If your iron is simply low due to insufficient dietary intake or absorption problems then you can begin to take the following steps to restore your levels:

  1. Iron supplementation.  Iron is best taken in a chelated form (such as iron glycinate) with food for the best absorption.  Combining iron with vitamin C will help its absorption.
  2. You may require intravenous or iron injections if your ferritin levels are extremely low.
  3. Identify food sensitivities such as gluten which can create absorption problems.
  4. Get your thyroid checked since low thyroid function results in low stomach acid which will negatively affect the absorption of vitamins and minerals.
  5. A stool analysis may be in order to identify infections such as parasites, bacteria, or yeasts that can also create poor absorption.  In fact, some parasites such as worms feed on iron and b-vitamins resulting in deficiencies.
  6. Increase your consumption of iron-rich foods. Iron is found in the diet in two forms – heme iron, which is well absorbed, and nonheme iron, which is poorly absorbed. The best dietary source of absorbable (heme) iron is lean red meat. Chicken, turkey, and fish are also sources of iron, but they contain less than red meat. Cereals, beans, and some vegetables contain poorly absorbed (nonheme) iron. Foods rich in vitamin C (e.g., citrus fruits and fresh vegetables), eaten with small amounts of heme iron-containing foods, such as meat, may increase the amount of nonheme iron absorbed from cereals, beans, and other vegetables. Some foods (e.g., milk, eggs, spinach, fibre-containing, coffee, tea) may decrease the amount of nonheme iron absorbed from foods. Additional iron may be added to food from cooking in cast iron pots.

Additionally, you may want to limit your consumption of the following which inhibit the absorption of iron (these can be used if your iron is too high as a treatment strategy):

  1. Calcium supplements and calcium-rich foods
  2. Eggs
  3. Phytates: Reduce iron absorption by about 50% (nuts, seeds, legumes, cereals, whole grains).  Proper preparation of these foods such as soaking and sprouting significantly reduces the phytate content.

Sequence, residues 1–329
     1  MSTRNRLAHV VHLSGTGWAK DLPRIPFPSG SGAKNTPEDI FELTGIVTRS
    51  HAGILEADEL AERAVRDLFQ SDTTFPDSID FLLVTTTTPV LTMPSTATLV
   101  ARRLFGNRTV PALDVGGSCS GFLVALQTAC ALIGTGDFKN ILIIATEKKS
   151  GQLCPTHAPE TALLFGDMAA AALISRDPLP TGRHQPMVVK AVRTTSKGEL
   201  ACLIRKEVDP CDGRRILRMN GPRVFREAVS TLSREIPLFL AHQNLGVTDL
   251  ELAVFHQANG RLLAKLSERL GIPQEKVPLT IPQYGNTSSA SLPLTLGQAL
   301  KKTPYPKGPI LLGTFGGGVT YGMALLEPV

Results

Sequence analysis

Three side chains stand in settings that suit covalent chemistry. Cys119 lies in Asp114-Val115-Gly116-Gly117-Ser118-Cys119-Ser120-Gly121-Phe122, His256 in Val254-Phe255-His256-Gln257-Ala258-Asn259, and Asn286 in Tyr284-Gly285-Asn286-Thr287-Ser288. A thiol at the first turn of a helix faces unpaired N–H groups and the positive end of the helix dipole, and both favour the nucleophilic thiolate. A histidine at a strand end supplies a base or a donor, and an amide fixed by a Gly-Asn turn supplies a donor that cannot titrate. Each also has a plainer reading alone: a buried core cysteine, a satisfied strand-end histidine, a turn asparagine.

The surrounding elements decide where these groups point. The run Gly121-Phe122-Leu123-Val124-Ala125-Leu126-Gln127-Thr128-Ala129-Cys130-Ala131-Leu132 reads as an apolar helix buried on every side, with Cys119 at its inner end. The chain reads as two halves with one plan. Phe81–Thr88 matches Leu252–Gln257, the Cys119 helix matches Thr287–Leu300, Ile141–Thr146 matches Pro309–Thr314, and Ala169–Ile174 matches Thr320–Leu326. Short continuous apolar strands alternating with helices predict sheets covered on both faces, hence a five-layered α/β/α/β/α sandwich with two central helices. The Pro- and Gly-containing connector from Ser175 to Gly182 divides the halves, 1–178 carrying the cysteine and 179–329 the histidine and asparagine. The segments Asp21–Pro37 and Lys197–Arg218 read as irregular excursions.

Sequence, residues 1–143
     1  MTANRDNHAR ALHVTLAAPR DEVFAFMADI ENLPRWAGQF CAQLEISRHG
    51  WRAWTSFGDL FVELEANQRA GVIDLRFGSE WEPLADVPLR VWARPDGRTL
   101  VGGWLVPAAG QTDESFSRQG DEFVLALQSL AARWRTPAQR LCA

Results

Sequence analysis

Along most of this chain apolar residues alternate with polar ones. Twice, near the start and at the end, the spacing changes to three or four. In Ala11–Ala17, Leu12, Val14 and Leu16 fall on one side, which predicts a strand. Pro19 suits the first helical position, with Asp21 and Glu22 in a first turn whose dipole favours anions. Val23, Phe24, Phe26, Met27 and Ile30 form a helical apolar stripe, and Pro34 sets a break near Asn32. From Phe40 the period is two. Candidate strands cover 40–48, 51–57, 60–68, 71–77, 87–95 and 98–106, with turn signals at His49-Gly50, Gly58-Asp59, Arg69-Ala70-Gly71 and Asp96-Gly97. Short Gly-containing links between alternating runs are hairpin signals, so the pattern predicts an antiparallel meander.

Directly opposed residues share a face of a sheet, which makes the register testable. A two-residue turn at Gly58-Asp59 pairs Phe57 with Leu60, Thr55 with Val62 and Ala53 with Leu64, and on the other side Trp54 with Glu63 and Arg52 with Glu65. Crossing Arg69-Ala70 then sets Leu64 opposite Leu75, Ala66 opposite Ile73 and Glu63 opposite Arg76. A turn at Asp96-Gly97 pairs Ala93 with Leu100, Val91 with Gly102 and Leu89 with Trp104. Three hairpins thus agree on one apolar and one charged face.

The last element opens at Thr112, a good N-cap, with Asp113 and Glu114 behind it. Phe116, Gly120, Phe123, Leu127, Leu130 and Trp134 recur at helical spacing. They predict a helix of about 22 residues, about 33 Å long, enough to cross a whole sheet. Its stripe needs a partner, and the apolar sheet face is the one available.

4. Oxalates: spinach, kale, beets, nuts, chocolate, tea, wheat bran, rhubarb, strawberries, and herbs such as oregano, basil, and parsley.
  5. Polyphenols:  cocoa, coffee, black tea, green tea, berries, walnuts, apples.

All of these items above need to be taken 2 hours away from iron supplementation in order to ensure iron absorption will not be affected.

If you have too much iron in your body then you may have a genetic condition known as hemochromatosis.  This disease basically means that your body is absorbing too much iron so it builds up in massive quantities.  It can be deadly if not found early as iron continues to build resulting in heart attack and organ failure.  Hemochromatosis is handled by a gastroenterologist or haematologist who will have you do frequent therapeutic phlebotomies to reduce your iron levels.  This usually works quite nicely to get iron levels down to a healthy level and then you must be monitored and prescribed a schedule for regular phlebotomies or blood donations to keep your iron levels in a healthy range.

Additionally, there are a few things you can do to keep your iron levels low and reduce the oxidative stress from the excess iron:

  1. Drink green tea.  This will inhibit iron absorption and the antioxidants in green tea will help reduce inflammation.
  2. Increase consumption of the spice turmeric or supplement with curcumin.  This has actually been shown to help your body get rid of excess iron.
  3. Stop cooking on iron cookware (such as cast iron) which can result in iron in your cooked food.
  4. Decrease consumption of foods that are high in iron.  Red meat has the highest level of iron which is great if your iron levels are low, but not so great if they are too high.
  5. Be careful with vitamin C supplements since vitamin C improves the absorption of iron.  Some say the antioxidant effects of vitamin C cancel out the negative effect of increased iron absorption, but I recommend just not going overboard if you are going to take it.
  6. Avoid alcohol, sugar, nicotine, and beta-carotene which all increase the absorption of iron.

Iron and Your Thyroid